Going fishing was a huge part of my childhood, from the early years going with my dad to riding off for the day in the summer holidays as a teenager with my gear strapped to my bike. While I haven’t been for the past few years as children and work took over my life I have every intention of introducing Matilda and Henry to this sport sometime soon.
My approach to fishing isn’t just about catching the biggest fish though (although that is of course always fun), it’s about the experience of being out in the peaceful countryside. Watching the animals and birds that live in that environment and maybe even spotting a kingfisher. To those of you who also fish it will therefore be no surprise that my favourite fishing book is Mr Crabtree goes fishing written by Bernard Venables. Released over 50 years ago it has remained a classic book and inspired many children to get out fishing. You may even hear people say when out fishing ‘this is classic Mr Crabtree’.
So it was with much excitement that I took delivery just before Christmas of the newly released and updated version of this iconic book which is called Fishing in the footsteps of Mr Crabtree. It was a great relief to see that the publisher has resisted meddling with the structure or format and instead gone for some gentle modernisation. This is evolution not revolution so all good so far.
The book begins with a number of forewords written by famous anglers telling their own individual stories about how the original book influenced their lives. It’s fascinating to see how for so many people this book was part of the reason that they started fishing, but also of course makes this re-release even more important.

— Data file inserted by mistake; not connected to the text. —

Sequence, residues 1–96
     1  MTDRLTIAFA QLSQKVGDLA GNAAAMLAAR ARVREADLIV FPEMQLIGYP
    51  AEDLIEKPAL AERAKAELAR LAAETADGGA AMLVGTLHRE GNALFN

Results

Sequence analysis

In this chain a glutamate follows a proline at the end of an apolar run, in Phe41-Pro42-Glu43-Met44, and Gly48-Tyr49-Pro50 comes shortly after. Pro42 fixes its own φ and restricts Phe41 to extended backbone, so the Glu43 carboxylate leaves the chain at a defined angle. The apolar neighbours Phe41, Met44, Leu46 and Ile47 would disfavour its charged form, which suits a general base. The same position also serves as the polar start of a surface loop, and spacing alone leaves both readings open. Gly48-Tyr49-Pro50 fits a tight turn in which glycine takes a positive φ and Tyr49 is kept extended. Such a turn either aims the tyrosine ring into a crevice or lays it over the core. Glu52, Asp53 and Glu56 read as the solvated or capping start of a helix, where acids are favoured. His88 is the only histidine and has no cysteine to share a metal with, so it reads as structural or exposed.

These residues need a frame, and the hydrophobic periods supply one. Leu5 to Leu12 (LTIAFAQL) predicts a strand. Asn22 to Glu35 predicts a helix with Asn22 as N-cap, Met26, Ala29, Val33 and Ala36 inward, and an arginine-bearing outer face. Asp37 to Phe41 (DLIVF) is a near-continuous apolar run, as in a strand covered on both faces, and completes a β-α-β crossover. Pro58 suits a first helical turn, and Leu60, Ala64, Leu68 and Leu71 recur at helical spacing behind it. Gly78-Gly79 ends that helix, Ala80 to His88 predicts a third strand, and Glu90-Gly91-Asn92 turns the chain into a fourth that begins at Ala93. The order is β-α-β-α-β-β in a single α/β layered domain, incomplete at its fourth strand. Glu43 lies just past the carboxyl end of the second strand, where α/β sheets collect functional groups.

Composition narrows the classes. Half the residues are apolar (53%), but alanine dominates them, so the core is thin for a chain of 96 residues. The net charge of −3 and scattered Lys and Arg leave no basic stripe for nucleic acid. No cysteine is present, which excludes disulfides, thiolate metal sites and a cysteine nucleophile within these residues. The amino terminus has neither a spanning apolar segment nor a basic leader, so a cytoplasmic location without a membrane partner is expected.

The structure of the book is then a chapter on each species of fish. John Bailey, the new author, writes a section in each chapter of how similar or different techniques are today for that species compared to the original book and then some suggestions on tactics. Beside this is the same black and white style cartoon strip seen in the original book but featuring the new Mr Crabtree and Peter. In the age of bright colours and digital media it’s actually really nice to see simple black and white and surprising how much mood and feeling can be communicated this way.
As a fisherman and a Mr Crabtree fan I’m delighted to see this book reborn sympathetically and without changing the ethos of the original. I look forward to being able to read it with Matilda and Henry in years to come and hopefully share with them my passion.
If you don’t already fish and want to do something in the fresh air with your children that will teach them not only a great sport but also about the natural environment then you could do a lot worse than start with this book.
If you’d like to buy a copy you can simply click here, or on the photo of the book on my homepage.
The book has also been made into a TV series so if you’re interested in understanding more about Mr Crabtree and what it means to find a ‘classic Crabtree swim’ then tune into the first of six episodes which airs tonight (24th January 2013) at 9pm. You can find it on Freeview ch 38, Sky ch 154 or Virgin ch 179.
Further information can be found on the Mr Crabtree website.
I was sent a free copy of this book to review but all words and opinions here are my own. I am also part of the Mr Crabtree affiliate scheme and receive a commission when someone purchases a copy after clicking through from my blog.